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Review | Twin Blades


Format: PlayStation 3/Xbox 360/iOS | Genre: Zombie Genocide ‘em up | Publisher: Sanuk Games | Developer: Sanuk Games | Release date: 02/02/2011 | Price: 400 MSP

Will Templeton saved one bullet until he’d finished this review of TWIN BLADES.

IN AN environment of mobile games that offer bitesize chunks of entertainment at any time, the iPhone has had huge growth and success. It’s a market that Nintendo has always courted very well, with a stable of games that can be played for either five minutes, or five hours, at a time. It’s also a market Sony hoped to corner with the Minis, a series of games that can be played on both the PS3 and PSP, offering those bitesize moments on a full-featured console for around the price of something you’d find on the App Store. It’s lead to a few great budget titles, and a few ports of popular games, the latest of which is Twin Blades, a side-scrolling zombie-themed score attack game.

Ostensibly very simple, the seemingly short level structure belies a more complex game beneath. Instead of astraightforward level progression, sprinting through and slicing the undead into quarters, each stage is designed to be run through multiple times before progressing to the next stage. It performs a delicate balancing act, forcing you to return to each level in order to earn more zombie kills; kills that become the currency to upgrade your character. You can’t farm one area for too long, however – neglect the entire map for longer than a slowly-progressing game day, and the zombies in the areas you haven’t visited will become stronger and harder to defeat.

This fine line is something that Twin Blades walks throughout. Every single individual part of the game operates under a mechanic of risk versus reward. The various gun upgrades available are powerful, but drain energy, which can only be obtained through risky melee combat – which is also the only way to regain lost health. Every upgradable weapon has a zombie that is resistant to it. Being an ultimate powerhouse seems always just out of reach beyond the next upgrade, but whenever combat feels overwhelming, it almost always feels like your fault rather than the game.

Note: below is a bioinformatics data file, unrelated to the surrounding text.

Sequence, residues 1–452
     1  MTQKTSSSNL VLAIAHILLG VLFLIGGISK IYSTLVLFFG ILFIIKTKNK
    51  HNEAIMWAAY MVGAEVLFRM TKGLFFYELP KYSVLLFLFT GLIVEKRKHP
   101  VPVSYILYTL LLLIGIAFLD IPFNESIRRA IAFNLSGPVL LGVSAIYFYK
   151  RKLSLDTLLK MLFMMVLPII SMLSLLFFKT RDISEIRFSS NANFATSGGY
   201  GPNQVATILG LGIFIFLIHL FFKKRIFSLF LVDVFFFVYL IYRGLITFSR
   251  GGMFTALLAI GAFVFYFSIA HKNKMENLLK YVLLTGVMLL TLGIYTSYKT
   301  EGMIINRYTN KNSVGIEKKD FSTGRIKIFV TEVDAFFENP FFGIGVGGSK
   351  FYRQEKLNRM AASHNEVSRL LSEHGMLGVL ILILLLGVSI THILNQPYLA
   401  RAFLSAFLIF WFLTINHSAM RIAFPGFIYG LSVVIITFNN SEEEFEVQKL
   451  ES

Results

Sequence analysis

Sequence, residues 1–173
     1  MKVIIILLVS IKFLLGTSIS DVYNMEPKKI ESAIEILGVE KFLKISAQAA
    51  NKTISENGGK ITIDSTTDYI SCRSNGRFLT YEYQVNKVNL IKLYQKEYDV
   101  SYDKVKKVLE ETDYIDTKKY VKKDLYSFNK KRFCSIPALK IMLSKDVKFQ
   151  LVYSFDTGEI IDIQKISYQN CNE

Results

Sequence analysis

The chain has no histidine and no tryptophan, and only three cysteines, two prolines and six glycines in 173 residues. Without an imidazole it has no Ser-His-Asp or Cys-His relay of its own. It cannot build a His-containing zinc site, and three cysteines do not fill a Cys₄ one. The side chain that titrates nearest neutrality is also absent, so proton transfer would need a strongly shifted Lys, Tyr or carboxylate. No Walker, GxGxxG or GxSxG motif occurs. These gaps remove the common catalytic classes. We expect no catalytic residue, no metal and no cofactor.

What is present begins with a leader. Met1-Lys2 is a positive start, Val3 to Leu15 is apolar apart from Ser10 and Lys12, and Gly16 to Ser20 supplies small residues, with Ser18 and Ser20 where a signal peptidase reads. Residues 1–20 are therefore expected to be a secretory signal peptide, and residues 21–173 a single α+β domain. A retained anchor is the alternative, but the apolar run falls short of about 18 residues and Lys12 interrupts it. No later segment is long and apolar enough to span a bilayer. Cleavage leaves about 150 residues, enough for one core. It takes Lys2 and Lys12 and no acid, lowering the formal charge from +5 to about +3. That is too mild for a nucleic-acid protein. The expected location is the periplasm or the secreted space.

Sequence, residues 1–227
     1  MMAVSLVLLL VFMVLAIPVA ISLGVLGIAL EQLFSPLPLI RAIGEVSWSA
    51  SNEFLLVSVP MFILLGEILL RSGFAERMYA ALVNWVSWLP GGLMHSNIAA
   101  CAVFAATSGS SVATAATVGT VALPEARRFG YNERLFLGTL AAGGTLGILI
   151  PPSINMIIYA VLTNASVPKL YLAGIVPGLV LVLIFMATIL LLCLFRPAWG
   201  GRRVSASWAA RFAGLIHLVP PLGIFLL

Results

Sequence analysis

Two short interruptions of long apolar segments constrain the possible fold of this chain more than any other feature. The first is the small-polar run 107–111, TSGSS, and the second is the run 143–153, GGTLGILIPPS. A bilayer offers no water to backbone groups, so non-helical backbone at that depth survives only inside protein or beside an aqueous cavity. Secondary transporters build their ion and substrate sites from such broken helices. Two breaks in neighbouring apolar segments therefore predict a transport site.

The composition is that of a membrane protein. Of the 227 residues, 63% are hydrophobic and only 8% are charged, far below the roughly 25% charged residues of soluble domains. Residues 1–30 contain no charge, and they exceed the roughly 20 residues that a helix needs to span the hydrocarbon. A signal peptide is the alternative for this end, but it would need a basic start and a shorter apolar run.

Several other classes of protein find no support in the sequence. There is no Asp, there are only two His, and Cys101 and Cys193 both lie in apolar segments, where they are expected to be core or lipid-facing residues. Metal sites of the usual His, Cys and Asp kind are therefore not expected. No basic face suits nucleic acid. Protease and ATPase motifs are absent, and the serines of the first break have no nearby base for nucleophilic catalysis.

Coffin Dodging

The result is a game that initially appears tedious (and can be, at times – searching out the final few enemies in a level can be a needlessly lengthy process), but quickly becomes both frantic and a wonderful brain-teaser based around the amount of effort and grind required in the earlier levels in order to tackle the later ones, while trying to keep each level active enough that the enemies don’t become too difficult to beat. Mismanage the world and fail to keep it in check, and the game becomes immediately more difficult, inevitably resulting in a tidal wave of zombies that are impossible todeal with at your current state. Even after death, however, the game remembers your kill-count and allows you to purchase upgrades to continue where you left off. The core mechanic here, then, isn’t solely player skill. There’s a certain measure of attrition involved; die enough, and you’ll eventually become powerful enough to continue. The real challenge lies in how far you can progress with as few deaths as possible.

It’s a concept that’s extremely well-suited to mobile gaming, and fits well within the idea of a PlayStation Mini. In fact, it makes little sense outside of that context – this is a game that will satisfy in short chunks during a commute, or in an ad break during your favourite TV show, but it’s not something you’ll sit down and play for hours unless you’re really shooting for the scoreboard. If it fails in any way, it’s that it’s not different enough to the iPhone version to justify double-dipping, but if all you have is a PSP then it comes well-recommended.


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